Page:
Virtually anyone you might meet on any street in America would likely agree with the proposition that what we think about something will shape in some measure how we behave concerning it. That is, most citizens would concur that what we think affects our daily choices, activities and comportment. This may seem obvious until one reflects on how colleges and universities are often considered in the popular imagination. In fact, Americans commonly refer to these institutions as constituting an “Ivory Tower,” a remote and unworldly place in which by implication, what one considers and learns will bear no relationship to one’s later behavior, at least, and at minimum, in the professional workaday world.
This label is broadly offered and embraced despite the fact that millions of U.S. citizens have attended colleges and universities and have provided personal testimony thereafter of the “real world” character of their lives and of the value of what they considered and learned. And just as often, college graduates have shared these experiences with the very individuals (who have sometimes attended college themselves) who thereafter claim paradoxically that universities somehow exist in some ineffectual and feckless wonderland apart from their lives.
This contradictory contention—that universities undertake their responsibilities somehow separately from the society they inhabit—is also widely adopted in the face of recent studies that liberal arts and humanities graduates do as well as many in other disciplines and fields in their earnings during their professional careers. What is more, professors, students and staff members live in the same society as other Americans and experience identical cultural, economic and political forces and events. In short, the often-repeated cliché that colleges are citadels apart cannot be substantiated on any reasoned basis, including our culture’s increasing devotion to utilitarian calculations to gauge the value of virtually everything.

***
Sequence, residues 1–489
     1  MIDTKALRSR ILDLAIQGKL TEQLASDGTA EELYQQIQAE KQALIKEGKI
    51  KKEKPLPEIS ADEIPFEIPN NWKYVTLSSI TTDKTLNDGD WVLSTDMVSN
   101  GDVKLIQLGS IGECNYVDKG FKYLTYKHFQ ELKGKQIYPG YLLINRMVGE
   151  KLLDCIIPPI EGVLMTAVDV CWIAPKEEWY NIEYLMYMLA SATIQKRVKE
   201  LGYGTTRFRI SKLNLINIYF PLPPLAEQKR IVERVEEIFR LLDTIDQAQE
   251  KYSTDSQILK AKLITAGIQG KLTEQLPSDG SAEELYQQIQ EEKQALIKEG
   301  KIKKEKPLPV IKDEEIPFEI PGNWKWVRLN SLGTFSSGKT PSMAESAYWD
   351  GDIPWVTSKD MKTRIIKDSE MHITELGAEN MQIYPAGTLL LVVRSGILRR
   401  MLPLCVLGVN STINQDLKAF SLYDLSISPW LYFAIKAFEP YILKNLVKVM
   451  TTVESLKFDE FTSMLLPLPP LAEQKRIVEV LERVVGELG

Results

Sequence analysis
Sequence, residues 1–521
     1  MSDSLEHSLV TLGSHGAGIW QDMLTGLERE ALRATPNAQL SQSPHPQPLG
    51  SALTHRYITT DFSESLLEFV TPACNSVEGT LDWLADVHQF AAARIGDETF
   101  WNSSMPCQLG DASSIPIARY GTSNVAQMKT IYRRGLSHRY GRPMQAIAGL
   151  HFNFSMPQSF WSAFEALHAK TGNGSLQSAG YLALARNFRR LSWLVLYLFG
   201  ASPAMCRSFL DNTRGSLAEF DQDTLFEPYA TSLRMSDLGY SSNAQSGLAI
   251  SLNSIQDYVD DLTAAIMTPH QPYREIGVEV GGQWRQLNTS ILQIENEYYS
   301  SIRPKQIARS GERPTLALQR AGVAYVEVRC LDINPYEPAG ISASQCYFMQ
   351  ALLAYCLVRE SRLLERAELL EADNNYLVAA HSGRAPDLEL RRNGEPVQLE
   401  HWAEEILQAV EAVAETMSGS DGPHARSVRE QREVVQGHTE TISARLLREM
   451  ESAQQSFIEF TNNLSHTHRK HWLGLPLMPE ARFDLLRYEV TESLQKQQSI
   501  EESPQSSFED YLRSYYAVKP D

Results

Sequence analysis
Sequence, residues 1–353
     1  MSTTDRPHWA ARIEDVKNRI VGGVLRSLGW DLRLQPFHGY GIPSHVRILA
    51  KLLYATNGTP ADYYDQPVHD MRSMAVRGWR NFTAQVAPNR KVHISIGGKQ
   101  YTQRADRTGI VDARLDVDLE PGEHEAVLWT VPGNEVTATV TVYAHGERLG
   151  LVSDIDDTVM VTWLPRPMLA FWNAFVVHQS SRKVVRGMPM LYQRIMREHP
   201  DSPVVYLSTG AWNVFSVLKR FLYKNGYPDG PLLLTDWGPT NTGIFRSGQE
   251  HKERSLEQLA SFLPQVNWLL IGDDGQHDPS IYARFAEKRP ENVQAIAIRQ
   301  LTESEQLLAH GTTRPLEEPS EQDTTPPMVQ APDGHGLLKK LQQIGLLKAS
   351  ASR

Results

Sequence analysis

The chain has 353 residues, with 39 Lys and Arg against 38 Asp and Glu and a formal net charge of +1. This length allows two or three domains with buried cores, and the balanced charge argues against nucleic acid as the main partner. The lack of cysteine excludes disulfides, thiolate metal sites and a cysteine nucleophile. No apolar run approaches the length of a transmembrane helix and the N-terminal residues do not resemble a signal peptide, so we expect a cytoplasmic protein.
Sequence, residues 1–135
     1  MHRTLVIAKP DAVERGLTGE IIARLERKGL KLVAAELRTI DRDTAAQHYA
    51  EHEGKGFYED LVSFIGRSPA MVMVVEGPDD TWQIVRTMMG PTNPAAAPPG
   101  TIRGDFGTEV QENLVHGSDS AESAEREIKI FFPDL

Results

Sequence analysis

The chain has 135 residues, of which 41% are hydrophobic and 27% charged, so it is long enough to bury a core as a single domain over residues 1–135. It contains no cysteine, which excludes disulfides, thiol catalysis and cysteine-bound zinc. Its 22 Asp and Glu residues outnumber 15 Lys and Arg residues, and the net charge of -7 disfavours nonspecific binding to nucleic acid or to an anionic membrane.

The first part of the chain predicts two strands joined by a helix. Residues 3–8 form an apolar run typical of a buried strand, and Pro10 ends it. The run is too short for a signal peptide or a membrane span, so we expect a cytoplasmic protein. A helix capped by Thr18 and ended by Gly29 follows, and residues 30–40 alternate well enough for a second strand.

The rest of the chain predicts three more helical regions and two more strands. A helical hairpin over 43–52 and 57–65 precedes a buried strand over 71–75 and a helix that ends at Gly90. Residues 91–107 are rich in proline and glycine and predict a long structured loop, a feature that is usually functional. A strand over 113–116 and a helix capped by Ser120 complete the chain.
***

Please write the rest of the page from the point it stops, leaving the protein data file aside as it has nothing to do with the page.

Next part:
Nonetheless, the Ivory Tower descriptor is used constantly as a sort of public benchmark. I recently saw a television ad, for example, that argued that a local for-profit technical school offered course work “for the real world,” unlike, presumably those “other” two- and four-year colleges and universities. And this claim was adopted as an advertising strategy despite a recent congressional investigation that revealed the very high costs, dropout rates and extremely poor placement rates of institutions such as the one advertised. So much for “real world” value.
If you care about our culture venerating the pursuit of knowledge and our citizenry understanding the importance of education for democratic capacity, the question is: Where does this strange notion come from? I can offer several observations by way of reply, but I do not contend that even taken together they “explain” this odd phenomenon in which a substantial portion of our population heaps disdain on institutions that more reasoned citizens in more reflective moments have argued serve as a critical engine of our nation’s political, cultural and economic life.
First, perhaps Americans adopt this stance because so many in the academy possess rarified knowledge and expertise and that fact daunts and confuses those who do not share that accomplishment. Those holding Ph.D.’s constitute only approximately 1 percent of the aggregate population and a lack of familiarity with what interests these individuals and what they do on a daily basis allows many people to believe themselves apart from the possibilities such learning represents. In addition, it is not easy for citizens unversed in an area of knowledge to discern its relevance, especially those domains that might appear particularly arcane. In short, perhaps a share of the Ivory Tower myth arises from a perception of the elite character and seeming unfathomability of the professoriate and of the many types of erudition its members represent.